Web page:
Porsche’s attempt to end their Le Mans prototype program with a win like their sister-marque Audi did last year isn’t going so hot. The No. 1 Porsche 919 LMP1 collided with the No. 86 Gulf Racing Porsche 911 in LM GTE Am, taking it out of the overall lead and handing it right away to the No. 8 Toyota right behind it.
Nick Tandy was completely gutted by the collision, which happened with just over two hours left in the 6 Hours of Bahrain and damaged the front left of the No. 1 car. Porsche swapped the car’s nose with ludicrous speed, however, the kerfluffle still dropped them down to third place when they were in the lead.
“He was out really wide and I just assumed he was giving us space,” Tandy said of the No. 86.
The next-highest Porsche, the No. 2 Porsche 919, was a lap behind the leading No. 8 Toyota when the No. 1 was forced to pit. The No. 2 car had hit a bollard on track early in the race that forced it behind the other teams. Even further behind it, however, still sits the No. 7 Toyota TS050, which collided with the No. 92 Porsche 911 RSR about an hour earlier and was forced to come in for lengthy repairs to its side.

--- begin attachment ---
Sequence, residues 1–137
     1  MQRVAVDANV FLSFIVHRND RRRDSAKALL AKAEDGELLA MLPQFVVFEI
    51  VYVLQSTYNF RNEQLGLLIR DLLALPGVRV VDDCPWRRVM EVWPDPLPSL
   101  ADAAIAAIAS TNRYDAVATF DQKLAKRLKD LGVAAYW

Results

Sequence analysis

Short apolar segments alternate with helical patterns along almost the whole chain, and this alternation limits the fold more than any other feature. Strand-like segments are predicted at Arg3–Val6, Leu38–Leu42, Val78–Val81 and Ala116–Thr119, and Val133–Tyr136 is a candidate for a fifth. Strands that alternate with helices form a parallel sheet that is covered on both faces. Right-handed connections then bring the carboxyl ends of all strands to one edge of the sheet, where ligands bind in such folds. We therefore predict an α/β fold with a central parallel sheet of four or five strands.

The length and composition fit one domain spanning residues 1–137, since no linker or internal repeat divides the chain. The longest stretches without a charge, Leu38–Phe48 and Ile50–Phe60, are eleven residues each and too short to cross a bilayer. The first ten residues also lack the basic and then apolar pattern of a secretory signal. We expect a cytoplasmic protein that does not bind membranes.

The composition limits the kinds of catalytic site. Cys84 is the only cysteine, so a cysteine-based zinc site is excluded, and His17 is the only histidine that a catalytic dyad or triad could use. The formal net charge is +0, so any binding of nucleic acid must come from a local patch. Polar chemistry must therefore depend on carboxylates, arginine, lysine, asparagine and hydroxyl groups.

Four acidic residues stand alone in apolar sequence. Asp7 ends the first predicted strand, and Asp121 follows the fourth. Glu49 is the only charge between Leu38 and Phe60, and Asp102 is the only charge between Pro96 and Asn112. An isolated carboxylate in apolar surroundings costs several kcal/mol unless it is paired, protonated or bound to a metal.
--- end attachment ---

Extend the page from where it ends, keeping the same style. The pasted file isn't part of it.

The No. 86 911 is also in its final race ever, and they’re pitted right next to the Porsche 919 team. That’s not awkward at all. Its weekend hasn’t been going so well, either, after a fire in practice forced them to skip qualifying. After colliding with the No. 1 car, it was forced to limp back into the pits with a puncture.
This is definitely the No. 8 Toyota’s race to lose from here on out, but given that endurance racing (especially in this race) is mayhem incarnate, who knows what will happen before the race ends.
UPDATE [12:53 p.m. ET]: The No. 1 briefly retook the lead from the No. 8 as the No. 8 pitted with around an hour and ten minutes to go. However, stewards handed the No. 1 a stop and go penalty for it contact with the No. 86 Porsche that it will need to come in and serve.
Meanwhile, the No. 86 has a flickering headlight which it will have to fix.